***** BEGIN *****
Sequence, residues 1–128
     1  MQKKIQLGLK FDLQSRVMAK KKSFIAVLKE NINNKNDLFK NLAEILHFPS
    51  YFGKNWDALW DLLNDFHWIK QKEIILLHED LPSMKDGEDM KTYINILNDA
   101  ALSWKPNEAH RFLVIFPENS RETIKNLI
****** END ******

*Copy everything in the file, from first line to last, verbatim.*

Sequence, residues 1–128
     1  MQKKIQLGLK FDLQSRVMAK KKSFIAVLKE NINNKNDLFK NLAEILHFPS
    51  YFGKNWDALW DLLNDFHWIK QKEIILLHED LPSMKDGEDM KTYINILNDA
   101  ALSWKPNEAH RFLVIFPENS RETIKNLI